Tracked by scientists since 1956, a Laysan albatross dubbed “Widsom” has hatched a healthy chick at the tender age of 62. The (apparently) elderly bird has now successfully given birth for the sixth consecutive year and is assumed to have parented at least 35 chicks over the course of her preternaturally long lifetime. And what might be even more impressive is the fact that Wisdom has flown an awe inspiring three million miles (4.8 million kilometers) since she was first branded.

The hatching was documented by U.S. Fish and Wildlife Service biologist Pete Leary who is working at Midway Atoll National Wildlife Refuge. Over the course of her life, Wisdom has worn out five bird bands since being tagged by the U.S. Geological Survey’s Chandler Robbins in 1956. Continue reading

‘Idle No More’ Cree Youth In 900 Mile Frozen Solidarity Trek to Ottawa

25 Jan

by David P. Ball / Indian Country Today

 Cree youth journey 900 miles by snowshoe from Hudson Bay to Ottawa in support of Idle No More. [Photo from Facebook]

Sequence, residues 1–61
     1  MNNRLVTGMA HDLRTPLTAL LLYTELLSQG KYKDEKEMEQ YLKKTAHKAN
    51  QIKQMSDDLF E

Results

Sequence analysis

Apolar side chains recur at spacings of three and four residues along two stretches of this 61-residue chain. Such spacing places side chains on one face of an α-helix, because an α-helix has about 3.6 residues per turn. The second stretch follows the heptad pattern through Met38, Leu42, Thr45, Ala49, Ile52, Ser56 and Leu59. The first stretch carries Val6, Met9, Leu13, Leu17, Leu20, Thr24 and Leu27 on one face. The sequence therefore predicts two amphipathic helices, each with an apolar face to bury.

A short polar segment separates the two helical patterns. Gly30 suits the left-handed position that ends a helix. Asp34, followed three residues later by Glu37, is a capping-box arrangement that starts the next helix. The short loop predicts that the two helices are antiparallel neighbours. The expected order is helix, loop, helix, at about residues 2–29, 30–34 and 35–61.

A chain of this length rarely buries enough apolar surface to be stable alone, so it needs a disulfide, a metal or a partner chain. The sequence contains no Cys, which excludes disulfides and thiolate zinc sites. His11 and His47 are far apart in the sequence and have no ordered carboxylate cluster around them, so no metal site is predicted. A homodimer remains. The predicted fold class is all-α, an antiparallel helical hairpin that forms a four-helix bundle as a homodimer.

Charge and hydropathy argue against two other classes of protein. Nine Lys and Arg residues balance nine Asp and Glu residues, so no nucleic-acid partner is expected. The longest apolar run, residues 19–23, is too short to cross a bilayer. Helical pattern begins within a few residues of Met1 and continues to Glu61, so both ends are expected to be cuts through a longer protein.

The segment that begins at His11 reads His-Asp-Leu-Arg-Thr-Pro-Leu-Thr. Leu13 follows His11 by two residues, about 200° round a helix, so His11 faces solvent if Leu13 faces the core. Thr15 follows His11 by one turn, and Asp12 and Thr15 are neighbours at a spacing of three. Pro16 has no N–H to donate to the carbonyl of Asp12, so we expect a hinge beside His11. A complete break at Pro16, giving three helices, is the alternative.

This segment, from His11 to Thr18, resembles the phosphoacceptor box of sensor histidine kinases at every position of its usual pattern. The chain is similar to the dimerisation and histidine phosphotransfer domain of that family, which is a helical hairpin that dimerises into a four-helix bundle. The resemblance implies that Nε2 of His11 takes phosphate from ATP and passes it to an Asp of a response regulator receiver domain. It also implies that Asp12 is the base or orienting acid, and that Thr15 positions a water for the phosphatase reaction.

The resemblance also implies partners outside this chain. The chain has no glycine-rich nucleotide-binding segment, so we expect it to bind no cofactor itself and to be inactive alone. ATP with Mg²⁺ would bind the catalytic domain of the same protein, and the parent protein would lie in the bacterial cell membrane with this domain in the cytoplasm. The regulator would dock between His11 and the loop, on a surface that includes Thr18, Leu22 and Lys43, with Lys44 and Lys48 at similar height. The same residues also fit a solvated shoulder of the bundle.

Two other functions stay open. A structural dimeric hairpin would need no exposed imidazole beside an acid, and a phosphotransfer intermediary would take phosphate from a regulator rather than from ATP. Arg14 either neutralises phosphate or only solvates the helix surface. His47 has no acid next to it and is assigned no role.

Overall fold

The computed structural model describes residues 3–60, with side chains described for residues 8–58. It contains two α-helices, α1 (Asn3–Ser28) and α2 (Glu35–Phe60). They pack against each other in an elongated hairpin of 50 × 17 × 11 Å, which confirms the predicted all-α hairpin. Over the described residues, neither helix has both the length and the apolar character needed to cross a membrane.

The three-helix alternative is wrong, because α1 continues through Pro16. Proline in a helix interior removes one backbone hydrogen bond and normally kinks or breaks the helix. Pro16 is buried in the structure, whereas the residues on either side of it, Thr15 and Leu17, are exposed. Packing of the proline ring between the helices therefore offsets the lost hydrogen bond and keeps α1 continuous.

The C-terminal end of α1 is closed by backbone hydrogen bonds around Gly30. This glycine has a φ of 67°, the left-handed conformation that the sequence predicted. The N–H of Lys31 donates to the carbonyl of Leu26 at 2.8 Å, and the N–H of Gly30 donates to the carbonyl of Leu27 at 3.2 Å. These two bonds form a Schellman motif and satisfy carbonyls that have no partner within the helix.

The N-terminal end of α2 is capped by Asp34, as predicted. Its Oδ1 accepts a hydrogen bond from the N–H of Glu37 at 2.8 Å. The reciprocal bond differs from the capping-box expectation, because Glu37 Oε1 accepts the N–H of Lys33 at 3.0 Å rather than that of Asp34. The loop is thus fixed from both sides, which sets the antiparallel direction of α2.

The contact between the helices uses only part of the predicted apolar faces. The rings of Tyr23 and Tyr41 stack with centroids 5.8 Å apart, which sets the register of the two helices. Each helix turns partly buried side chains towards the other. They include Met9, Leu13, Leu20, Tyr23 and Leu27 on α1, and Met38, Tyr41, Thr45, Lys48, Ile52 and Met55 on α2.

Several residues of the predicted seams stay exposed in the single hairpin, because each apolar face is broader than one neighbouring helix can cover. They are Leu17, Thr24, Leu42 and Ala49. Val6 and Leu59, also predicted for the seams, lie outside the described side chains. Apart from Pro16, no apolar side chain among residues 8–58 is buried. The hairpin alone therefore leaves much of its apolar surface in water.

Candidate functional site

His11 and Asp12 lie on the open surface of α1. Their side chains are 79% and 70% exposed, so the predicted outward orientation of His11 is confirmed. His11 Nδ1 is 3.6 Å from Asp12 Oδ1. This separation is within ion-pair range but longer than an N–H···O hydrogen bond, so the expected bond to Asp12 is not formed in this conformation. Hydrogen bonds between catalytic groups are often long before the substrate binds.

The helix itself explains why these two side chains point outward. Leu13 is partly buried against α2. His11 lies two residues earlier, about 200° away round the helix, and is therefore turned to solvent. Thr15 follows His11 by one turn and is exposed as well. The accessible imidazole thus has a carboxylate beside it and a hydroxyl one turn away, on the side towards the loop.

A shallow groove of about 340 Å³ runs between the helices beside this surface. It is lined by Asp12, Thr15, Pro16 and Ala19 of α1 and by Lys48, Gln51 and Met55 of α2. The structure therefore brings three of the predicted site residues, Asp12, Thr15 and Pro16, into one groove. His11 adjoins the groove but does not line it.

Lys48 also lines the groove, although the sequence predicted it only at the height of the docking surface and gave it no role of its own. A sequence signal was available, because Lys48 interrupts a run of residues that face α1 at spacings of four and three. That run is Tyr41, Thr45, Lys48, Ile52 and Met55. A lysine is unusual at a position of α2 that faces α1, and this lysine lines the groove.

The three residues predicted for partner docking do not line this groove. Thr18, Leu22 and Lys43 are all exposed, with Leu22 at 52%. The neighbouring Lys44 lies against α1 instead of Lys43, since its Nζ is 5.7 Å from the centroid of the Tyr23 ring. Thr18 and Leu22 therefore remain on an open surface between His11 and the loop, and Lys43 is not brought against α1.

Cree youth journey 900 miles by snowshoe from Hudson Bay to Ottawa in support of Idle No More. [Photo from Facebook]

Through stinging temperatures far below freezing—plummeting down to -53F with windchill—six young men and a guide are snowshoeing on a historic two-month, more than 900-mile journey south to Ottawa as part of the Idle No More movement.

Embarking with a prayer ceremony and the blessing of their chief, the youth, aged 16 to 21, and their 42-year old guide embarked on what they’re calling the Quest of Wisjinichu-Nishiyuu (Quest For Unity).

The youth are from Whapmagoostui First Nation, a fly-in-only community in far northern Quebec, on Hudson Bay. Without any roads to their almost entirely Cree-speaking community, the seven trekkers are nearing the only road south, in the Cree community of Chisasibi roughly 150 miles away.